“I desire to save all souls”
Down through the centuries, Our Lord has not ceased to generously manifest His mercy. The list of instances is by far too long to be able to enumerate entirely. They were messages by which Divine Providence wanted to call the world to conversion, seeking to touch hearts with the affection of a God inebriated with love for creatures.
We can recall, for example, the apparitions of Jesus to St. Margaret Mary Alacoque, in the seventeenth century, asking her to propagate devotion to His Sacred Heart.
Much more recently, in the early part of the last century, St. Maria Faustina Kowalska received from the lips of Jesus the appeal that led Pope John Paul II to establish the feast of Divine Mercy on the first Sunday after Easter, in accordance with the desire expressed by Our Lord Himself.
In February 1937, He said to her: “Souls perish in spite of My bitter Passion. I am giving them the last hope of salvation; that is, the Feast of My Mercy. If they will not adore My Mercy, they will perish for all eternity. Secretary of My mercy, write, tell souls about this great mercy of mine, because the awful day, the day of my justice is near.” 11
On another occasion, the Divine Messenger clearly revealed to her His special predilection for the most miserable souls: “My daughter, write that the greater the misery of a soul, the greater the right to My mercy; [urge] all souls to trust in the unfathomable abyss of My mercy, because I want to save them all.” 12
In these moving words we can discern the Jesus’ desire to liberate souls from their weakness and sins. We are all like a sick child who draws the attention of the father, who knows his needs, and desires to relive his ills; or like a lost sheep, for love of which the shepherd does not hesitate to leave the other ninety-nine on the mountain (cf. Mt 18:12).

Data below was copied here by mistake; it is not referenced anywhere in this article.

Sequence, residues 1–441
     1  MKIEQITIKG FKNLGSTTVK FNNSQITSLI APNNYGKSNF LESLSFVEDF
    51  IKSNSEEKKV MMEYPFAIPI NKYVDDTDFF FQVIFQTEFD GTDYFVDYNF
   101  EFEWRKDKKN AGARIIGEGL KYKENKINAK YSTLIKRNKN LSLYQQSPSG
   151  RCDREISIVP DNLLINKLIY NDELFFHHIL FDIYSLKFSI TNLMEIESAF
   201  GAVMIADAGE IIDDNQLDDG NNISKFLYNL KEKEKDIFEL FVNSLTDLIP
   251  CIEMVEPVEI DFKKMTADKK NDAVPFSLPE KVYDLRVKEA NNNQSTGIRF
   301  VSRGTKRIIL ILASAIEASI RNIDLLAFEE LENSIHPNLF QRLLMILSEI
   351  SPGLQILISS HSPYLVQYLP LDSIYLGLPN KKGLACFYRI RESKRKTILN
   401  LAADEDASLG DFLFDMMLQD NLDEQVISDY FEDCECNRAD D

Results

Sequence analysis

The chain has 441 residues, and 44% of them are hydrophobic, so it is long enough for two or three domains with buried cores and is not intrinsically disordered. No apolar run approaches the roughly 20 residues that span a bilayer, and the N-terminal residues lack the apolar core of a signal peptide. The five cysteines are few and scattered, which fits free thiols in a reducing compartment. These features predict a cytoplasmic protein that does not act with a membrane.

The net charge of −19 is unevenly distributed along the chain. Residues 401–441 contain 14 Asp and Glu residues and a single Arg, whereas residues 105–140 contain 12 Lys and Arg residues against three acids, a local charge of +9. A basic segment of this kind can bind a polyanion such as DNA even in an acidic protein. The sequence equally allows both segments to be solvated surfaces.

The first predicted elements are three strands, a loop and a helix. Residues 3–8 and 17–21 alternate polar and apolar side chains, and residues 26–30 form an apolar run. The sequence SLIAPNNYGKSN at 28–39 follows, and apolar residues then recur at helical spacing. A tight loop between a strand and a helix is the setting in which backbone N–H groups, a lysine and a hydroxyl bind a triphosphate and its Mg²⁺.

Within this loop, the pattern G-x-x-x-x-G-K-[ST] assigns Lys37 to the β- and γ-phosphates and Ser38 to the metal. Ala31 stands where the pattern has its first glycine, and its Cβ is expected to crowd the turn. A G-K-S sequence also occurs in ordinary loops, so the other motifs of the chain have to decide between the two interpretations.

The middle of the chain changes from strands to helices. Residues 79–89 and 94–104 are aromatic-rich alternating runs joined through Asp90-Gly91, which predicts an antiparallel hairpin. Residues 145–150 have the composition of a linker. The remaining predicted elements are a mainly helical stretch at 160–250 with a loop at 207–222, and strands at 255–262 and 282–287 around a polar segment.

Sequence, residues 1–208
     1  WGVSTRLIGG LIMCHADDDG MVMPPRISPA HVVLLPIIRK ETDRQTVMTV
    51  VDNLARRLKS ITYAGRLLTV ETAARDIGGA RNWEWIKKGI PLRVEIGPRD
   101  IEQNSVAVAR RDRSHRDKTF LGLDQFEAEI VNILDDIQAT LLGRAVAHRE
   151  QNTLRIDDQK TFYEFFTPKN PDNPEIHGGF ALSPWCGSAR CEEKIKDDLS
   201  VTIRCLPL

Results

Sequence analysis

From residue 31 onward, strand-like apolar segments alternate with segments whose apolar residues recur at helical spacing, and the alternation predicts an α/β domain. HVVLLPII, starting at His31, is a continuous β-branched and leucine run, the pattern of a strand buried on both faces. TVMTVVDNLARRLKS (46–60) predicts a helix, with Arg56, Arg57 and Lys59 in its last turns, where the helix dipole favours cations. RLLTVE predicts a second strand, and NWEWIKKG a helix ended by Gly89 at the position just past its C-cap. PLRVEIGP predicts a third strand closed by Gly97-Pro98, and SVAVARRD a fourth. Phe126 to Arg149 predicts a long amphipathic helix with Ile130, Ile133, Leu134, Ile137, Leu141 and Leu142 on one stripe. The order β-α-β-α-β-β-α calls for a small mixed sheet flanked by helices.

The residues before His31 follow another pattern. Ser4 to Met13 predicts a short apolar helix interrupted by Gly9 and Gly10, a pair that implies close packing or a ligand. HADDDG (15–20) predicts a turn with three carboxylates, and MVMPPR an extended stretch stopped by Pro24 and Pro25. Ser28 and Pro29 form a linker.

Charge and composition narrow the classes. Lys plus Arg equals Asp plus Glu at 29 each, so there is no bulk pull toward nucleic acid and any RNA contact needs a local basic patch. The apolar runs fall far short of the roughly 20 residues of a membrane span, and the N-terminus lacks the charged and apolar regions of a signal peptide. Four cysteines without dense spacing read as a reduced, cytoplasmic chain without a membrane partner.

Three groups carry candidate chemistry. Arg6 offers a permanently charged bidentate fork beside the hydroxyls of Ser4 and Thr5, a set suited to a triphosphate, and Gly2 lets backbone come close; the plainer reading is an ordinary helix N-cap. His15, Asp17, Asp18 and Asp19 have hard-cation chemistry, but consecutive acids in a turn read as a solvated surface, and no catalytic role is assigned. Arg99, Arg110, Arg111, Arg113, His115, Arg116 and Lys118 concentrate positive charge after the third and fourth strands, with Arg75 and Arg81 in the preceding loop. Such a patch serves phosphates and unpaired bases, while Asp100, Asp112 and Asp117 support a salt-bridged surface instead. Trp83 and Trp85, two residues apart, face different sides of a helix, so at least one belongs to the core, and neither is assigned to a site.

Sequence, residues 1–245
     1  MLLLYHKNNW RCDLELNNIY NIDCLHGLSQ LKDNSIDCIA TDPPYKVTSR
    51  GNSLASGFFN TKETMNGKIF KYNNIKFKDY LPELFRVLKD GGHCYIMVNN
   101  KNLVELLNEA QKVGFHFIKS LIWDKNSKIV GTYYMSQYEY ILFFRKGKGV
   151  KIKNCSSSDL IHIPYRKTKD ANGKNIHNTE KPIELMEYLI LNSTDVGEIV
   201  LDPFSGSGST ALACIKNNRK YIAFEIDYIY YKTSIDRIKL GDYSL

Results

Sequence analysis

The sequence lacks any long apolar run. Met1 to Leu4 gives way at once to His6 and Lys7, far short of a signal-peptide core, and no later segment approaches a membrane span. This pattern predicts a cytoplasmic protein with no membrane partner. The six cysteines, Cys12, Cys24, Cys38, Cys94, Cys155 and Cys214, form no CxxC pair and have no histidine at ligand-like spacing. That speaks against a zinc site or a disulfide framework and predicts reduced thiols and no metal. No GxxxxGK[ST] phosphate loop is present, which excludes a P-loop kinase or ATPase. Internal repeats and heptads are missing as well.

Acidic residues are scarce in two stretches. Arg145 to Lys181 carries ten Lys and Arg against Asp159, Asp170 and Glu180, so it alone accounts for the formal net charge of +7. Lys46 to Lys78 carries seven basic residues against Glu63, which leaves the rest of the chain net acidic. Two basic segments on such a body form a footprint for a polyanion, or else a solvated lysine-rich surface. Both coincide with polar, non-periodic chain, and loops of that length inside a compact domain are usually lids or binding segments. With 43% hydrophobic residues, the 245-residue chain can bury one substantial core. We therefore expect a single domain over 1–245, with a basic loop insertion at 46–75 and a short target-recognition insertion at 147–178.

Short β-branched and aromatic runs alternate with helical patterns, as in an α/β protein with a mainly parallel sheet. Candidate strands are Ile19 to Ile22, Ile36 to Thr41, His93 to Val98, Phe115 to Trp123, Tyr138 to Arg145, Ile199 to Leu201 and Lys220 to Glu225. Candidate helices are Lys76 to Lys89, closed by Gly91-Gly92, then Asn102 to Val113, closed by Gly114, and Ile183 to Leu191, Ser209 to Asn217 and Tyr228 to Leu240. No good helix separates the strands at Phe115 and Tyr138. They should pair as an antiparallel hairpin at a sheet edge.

Therefore, let us place all our confidence in the divine Physician and make use of the efficacious remedy that He offers us. ◊
Taken from the Heralds of the Gospel magazine, #18.
1 GARRIGOU-LAGRANGE, Reginald. Les perfections divines, extrait de l’ouvrage « Dieu, son existence et sa nature » [The divine perfections, taken from the work God, His existence and nature] 4th ed. Paris: Gabriel Beauchesne, 1936, p. 176.
2 Summa Theologica II-II, q. 30, a. 1.
3 Idem, II-II, q. 30, a. 4. Resp.
4 Idem, II-II, q. 30, a. 4. ad 2.
5 Idem, I, q. 21 a. 3.
6 Cf. Summa Theologica II-II, q. 30, a. 4. Rep.
7 AUGUSTINUS, Sanctus. Enarrationes in Psalmos. Ps. 102, 16 (PL 36, 1330).
8 Sermo 1 de Ascensione, 4. In: LEO THE GREAT. Sermões [Sermons]. Trans. Sérgio José Schirato and others. 2. ed. São Paulo: Paulus, 2005, p. 171.
9 Easter Proclamation – Easter Vigil.
10 GARRIGOU-LAGRANGE, Op. cit., pp. 181-182.
11 KOWALSKA, Maria Faustina. Diario. La Divina Misericordia en mi alma. [Diary. Divine Mercy in My Soul]. Trans. Eva Bylicka. Granada: Levántate, 2003, p. 377.
12 KOWALSKA, Op. cit., p. 429.